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Can Cats See in the Dark? (Because I Swear Mine Is Watching Me)
Leon Dafonte Fernandez / EyeEm/Getty Images

Imagine for a moment it’s late at night. You’ve turned off all the lights, gone through your elaborate skin care routine and are now snug in bed. What’s that you hear? Your cat stampeding down the hallway in the darkness! Toy mice jingling as your cat swats them around in a pitch-black room. How is this possible? Can cats see in the dark? Why, yes. Yes, they can. But it’s more complicated than a simple night-vision button.

First, a quick science lesson

Eyes (both human and feline) are super complex networks of nerves and receptors. The two parts most relevant to cats seeing in the dark are cones and rods. Both are photoreceptors in the retina (the nerve tissue in the back of the eye where images are processed), which means rods and cones are sensitive to light and transmit information from the eye to the brain. Cones allow eyes to see colors and interpret details. Rods process the size, shape and brightness of an object; they pick up low light very well. Human eyes each contain roughly 130 million rods and 7 million cones. Cool!

The cat eye vs. the human eye

In contrast, cat eyes contain about five times more rods than human eyes (650 million, but who’s counting?). As Ron Ofri, DVM, states in American Veterinarian, this crazy number of rods definitely makes it easier for cats to detect light and movement in darkness. 

Beyond the rod advantage, Karen Dagenais of PetCoach points out that cats have huge eyes in relation to the size of their heads. Said huge eyes contain pupils (the black holes that change size to let light in or keep it out) and corneas (the clear front part of the eye protecting the pupil), both of which are approximately 50 percent bigger than ours. Ergo, more light can get in. Ergo, all the better to see you with (in the dark), my dear. In fact, a study Dr. Ofri references claims cats can see light “six times dimmer than the lowest detectable threshold of humans.” Not that it’s a competition or anything.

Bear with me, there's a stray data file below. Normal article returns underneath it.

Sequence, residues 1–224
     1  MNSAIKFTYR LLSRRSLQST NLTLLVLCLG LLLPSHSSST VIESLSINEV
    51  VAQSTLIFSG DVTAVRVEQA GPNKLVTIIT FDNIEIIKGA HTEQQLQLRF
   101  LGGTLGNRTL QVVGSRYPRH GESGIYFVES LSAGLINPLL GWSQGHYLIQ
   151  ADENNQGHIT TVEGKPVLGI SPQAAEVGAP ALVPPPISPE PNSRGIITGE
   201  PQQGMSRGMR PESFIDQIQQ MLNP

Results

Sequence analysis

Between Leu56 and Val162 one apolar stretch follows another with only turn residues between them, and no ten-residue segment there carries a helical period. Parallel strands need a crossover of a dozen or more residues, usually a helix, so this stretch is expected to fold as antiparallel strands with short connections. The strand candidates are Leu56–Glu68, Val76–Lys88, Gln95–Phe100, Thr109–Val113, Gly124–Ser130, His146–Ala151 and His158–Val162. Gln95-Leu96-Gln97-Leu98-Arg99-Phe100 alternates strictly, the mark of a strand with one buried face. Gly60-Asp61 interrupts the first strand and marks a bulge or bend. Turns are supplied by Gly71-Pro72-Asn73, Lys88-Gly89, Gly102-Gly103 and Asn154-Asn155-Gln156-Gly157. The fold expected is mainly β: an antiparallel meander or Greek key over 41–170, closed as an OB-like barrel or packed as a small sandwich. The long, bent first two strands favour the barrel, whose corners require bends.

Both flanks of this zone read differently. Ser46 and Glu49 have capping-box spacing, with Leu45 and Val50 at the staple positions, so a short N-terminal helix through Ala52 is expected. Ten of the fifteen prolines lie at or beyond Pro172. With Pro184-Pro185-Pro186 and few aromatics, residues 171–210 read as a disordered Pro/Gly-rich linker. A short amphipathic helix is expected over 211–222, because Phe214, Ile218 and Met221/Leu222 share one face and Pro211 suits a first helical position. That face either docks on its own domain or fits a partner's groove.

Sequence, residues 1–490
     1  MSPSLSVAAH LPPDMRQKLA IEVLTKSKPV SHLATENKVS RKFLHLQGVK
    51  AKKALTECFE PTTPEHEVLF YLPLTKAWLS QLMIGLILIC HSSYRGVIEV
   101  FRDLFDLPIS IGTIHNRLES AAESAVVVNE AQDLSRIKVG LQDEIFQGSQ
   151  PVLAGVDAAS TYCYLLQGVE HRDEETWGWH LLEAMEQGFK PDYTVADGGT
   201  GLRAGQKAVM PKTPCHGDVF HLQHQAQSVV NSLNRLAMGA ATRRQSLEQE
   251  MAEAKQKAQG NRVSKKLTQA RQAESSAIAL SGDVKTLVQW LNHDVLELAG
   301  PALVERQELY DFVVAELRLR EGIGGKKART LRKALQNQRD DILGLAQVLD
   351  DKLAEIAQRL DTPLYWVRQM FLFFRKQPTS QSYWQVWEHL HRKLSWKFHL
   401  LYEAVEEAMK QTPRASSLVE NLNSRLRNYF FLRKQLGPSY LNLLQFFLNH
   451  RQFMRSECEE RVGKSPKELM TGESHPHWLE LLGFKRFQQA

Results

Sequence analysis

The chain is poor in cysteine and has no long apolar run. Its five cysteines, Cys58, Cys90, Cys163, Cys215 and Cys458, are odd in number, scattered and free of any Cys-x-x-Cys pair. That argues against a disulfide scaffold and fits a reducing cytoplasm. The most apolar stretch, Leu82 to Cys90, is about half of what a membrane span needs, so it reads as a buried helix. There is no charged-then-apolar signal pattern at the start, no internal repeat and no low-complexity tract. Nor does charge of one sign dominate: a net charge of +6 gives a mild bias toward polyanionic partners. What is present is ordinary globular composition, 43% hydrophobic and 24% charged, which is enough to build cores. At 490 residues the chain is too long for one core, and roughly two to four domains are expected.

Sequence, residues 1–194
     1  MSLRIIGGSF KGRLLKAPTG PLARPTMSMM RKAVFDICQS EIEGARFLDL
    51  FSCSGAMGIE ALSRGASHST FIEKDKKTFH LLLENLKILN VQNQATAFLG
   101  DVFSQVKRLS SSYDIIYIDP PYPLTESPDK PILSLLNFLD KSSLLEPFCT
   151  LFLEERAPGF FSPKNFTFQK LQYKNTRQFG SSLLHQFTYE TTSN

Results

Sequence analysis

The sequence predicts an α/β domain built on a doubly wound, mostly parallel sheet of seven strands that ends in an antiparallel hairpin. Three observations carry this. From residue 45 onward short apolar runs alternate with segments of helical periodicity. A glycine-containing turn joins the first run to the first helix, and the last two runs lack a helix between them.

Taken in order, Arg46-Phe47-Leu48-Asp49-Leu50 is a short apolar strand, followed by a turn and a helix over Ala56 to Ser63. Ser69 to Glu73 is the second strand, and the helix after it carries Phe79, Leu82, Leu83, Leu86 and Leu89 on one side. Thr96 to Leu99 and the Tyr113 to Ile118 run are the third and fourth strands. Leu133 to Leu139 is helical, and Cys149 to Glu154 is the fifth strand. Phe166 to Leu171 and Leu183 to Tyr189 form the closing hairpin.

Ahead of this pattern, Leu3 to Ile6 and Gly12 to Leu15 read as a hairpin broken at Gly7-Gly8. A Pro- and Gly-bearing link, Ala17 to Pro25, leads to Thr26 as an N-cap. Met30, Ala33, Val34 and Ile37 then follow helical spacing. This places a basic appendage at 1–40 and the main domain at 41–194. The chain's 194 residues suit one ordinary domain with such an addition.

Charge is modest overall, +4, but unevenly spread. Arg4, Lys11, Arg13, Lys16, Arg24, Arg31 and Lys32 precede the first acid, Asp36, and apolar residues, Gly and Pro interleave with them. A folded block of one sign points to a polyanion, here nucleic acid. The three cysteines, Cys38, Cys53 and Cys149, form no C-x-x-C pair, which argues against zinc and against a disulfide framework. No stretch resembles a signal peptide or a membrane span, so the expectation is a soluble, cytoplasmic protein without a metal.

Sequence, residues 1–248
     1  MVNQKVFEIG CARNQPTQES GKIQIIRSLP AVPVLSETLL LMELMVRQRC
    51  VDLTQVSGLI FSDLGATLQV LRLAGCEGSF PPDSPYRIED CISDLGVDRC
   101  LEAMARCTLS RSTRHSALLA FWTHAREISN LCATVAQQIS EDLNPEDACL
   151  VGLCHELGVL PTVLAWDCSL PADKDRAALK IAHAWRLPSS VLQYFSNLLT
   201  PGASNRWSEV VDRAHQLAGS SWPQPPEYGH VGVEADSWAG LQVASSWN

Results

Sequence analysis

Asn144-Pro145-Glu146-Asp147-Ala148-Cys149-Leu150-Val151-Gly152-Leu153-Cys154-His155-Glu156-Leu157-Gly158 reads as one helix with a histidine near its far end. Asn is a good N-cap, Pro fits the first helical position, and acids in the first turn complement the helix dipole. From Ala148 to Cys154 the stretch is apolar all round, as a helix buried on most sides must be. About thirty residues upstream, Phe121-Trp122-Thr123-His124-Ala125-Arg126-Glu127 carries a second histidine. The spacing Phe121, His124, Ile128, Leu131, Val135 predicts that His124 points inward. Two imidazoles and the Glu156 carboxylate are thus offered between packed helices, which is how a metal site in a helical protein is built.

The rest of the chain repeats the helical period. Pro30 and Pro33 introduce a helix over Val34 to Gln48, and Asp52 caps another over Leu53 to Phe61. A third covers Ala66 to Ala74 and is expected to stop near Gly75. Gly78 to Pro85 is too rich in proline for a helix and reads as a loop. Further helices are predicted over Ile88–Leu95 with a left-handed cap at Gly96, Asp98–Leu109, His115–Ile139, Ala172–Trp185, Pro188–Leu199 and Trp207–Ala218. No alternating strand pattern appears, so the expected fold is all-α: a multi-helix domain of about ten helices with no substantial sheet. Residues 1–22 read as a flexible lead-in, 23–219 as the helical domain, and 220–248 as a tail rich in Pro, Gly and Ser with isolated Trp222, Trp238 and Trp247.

But if it were a competition...

If you’re keeping score at home, cats have come out on top in the eyesight game so far, but there are a few areas in which the human eye wins. First of all, cats are dichromatic, which means they see only two color groups. It’s pretty hard for them to tell red, green and yellow apart; blue they can see. We’re trichromatic (red, yellow and blue). 

Second, remember how many rods cats have? Only about 4 percent of a cat’s photoreceptors are cones. On the other hand, about 20 percent of human eye photoreceptors are cones. We’re able to distinguish details much more sharply, and from farther away, than felines. For example: While you can clearly see a toy dangling 20 feet away in the window at PetCo, a cat needs to be just over two feet away to see the same toy with the same clarity.

But what about those crazy reflectors?

Ever notice a creepy pair of glowing eyes staring back at you in the darkness? That’s the tapetum lucidum in full effect. This mirror-like tissue behind the retina bounces excess light back through the retina, resulting in what may look like demon eyes glowing in the dark. Often, this reflective property obscures a cat’s sight, lowering resolution even further.

Fun evolutionary cat fact

Since felines are predators, their forward-facing eyeballs are stellar at depth perception and spatial awareness. Their vision radius is about 200 degrees (compared to a human’s 150 degrees), with a surprisingly large blind spot behind them. Why? They’re the ones doing all the hunting, so they rarely need to watch their backs for predators. 

Other ways cats see in the dark

Beyond eyesight, cats are masters of sensory interpretation. They use their whiskers to navigate by feeling for movement. Their noses are way more advanced than ours, with double the amount of olfactory receptors. So, honestly, what’s their excuse when you step on their tail as you fumble for the light switch in the middle of the night? You know they saw you coming. 

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